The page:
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Lacob and Guber have been working to return the team to the City by the Bay since buying the Warriors for a league-record $450 million in 2010. The Warriors played in San Francisco from 1962 to 1971 after moving from Philadelphia.

The proposed move is still sure to upset some in Oakland, the center of the area’s basketball prowess. Many NBA players past and present _ Bill Russell, Gary Payton and Jason Kidd, among scores of others _ rose to basketball fame in Oakland.

One aspect that hasn’t been a problem is fan support.

Despite only one playoff appearance since 1994, the basketball-booming Bay Area has supported the Warriors surprisingly well. The team ranked 10th in attendance this past season, averaging 18,857.

Lacob said the team has more season-ticket holders who live in San Francisco than Oakland and the fan base is split 50-50 between the East Bay and the San Francisco Peninsula. The franchise _ once called the San Francisco Warriors _ will remain under its current name, Lacob said, “until further notice.”

“It’s the Golden State Warriors and it’s going to remain the Golden State Warriors for the foreseeable future and maybe forever,” Lacob said. He later added, “It comes down to what the fans want.”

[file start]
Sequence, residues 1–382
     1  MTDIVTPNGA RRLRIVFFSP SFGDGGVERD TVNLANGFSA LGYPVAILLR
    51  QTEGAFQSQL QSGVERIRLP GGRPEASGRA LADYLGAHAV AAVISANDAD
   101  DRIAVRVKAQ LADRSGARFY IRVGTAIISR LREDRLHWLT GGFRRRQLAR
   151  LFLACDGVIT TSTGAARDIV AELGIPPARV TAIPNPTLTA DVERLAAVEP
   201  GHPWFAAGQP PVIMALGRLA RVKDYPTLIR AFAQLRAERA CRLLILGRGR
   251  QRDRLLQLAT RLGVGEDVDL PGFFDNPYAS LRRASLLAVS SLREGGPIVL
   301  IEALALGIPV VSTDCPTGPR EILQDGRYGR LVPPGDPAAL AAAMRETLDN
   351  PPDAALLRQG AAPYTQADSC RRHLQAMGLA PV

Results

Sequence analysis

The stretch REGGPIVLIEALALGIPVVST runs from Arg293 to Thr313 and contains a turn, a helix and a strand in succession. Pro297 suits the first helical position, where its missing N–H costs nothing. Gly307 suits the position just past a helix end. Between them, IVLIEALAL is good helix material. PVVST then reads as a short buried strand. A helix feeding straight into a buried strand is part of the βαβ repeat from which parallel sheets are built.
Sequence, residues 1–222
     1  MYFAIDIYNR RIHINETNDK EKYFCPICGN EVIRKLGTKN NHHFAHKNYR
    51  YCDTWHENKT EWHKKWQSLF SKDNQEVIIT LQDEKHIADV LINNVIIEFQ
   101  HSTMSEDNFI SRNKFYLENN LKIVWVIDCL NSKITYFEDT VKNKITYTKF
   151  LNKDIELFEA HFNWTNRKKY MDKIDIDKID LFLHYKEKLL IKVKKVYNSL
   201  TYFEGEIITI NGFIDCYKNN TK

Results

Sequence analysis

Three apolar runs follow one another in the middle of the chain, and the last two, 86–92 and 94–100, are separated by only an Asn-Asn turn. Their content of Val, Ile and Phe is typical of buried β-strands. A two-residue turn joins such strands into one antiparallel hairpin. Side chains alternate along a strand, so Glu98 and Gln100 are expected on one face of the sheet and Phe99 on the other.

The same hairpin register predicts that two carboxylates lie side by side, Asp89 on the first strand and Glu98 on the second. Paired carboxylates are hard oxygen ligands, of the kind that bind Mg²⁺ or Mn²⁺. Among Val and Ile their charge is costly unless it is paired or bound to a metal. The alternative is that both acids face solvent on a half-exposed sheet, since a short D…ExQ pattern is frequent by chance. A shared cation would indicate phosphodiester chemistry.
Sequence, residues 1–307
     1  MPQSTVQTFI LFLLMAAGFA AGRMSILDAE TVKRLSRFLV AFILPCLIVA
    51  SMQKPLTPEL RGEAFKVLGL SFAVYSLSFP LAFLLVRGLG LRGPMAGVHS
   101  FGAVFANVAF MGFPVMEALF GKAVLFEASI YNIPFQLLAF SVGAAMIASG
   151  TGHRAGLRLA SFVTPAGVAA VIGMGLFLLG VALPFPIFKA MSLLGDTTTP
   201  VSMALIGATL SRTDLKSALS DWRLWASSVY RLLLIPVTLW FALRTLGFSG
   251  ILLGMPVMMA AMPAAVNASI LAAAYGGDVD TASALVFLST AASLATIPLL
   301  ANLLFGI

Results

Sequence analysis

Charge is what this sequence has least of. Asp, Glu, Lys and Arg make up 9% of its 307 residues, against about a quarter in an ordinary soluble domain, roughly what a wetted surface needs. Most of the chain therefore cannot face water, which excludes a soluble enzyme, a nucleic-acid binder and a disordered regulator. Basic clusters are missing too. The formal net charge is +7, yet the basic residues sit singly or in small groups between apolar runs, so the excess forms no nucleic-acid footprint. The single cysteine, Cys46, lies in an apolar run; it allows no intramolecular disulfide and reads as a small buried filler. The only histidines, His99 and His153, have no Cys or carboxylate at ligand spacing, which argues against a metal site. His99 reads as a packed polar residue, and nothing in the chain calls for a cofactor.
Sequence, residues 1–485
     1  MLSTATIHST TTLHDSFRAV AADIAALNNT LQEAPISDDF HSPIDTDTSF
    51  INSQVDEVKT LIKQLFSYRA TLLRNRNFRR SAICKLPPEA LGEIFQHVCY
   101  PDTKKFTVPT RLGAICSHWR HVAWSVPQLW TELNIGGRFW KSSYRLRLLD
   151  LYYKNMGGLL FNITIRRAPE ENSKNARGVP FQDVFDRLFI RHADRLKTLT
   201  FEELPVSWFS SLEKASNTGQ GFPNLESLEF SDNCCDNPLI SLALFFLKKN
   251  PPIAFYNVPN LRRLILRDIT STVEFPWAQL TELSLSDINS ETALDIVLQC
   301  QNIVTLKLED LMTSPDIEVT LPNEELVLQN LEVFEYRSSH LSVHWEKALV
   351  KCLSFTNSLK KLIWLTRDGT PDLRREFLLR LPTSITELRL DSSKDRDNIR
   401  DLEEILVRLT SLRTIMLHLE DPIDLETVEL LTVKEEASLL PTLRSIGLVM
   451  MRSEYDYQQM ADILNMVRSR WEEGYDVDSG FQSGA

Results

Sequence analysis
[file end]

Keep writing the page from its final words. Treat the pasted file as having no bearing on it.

The political push in San Francisco has only just begun.

Lee sent a letter to the owners this month saying the city would work with Warriors executives to bring the team to San Francisco in time for the 2017-18 season. The note, signed by all 11 city supervisors and numerous business and labor leaders, was sent a few days after Lee met with Guber in Los Angeles.

Oakland Mayor Jean Quan responded last week by sending the team her own letter to express the city’s commitment to keeping the Warriors _ and the Raiders and A’s, who both need a replacement to the outdated Oakland Coliseum.

She expressed disappointment following Tuesday’s announcement and said Oakland’s proposal “was always a larger project than just one sports team” and the city will continue to pursue all avenues for an arena.

That now seems like a lost cause.

“It’s been 41 years since the Warriors played here in San Francisco,” Lee said. “In my humble opinion, it’s time to welcome them home.”

Of course, building anything in San Francisco is never easy.

Overcoming the environmental concerns on the shoreline, the addition of a high-rise structure on the pier _ not to mention the adjacent condominiums and businesses that could fight to keep their beautiful Bay Bridge views _ and political wrangling in the politically charged city are among many obstacles for the project.

Lacob said it will likely take “two to two-and-a-half years” just to acquire all the permits. But he noted the NFL’s San Francisco 49ers headed some 40 miles south to Santa Clara for the 2015 season “created a great incentive on the part of the mayor and the city” to help the Warriors build an arena in San Francisco.

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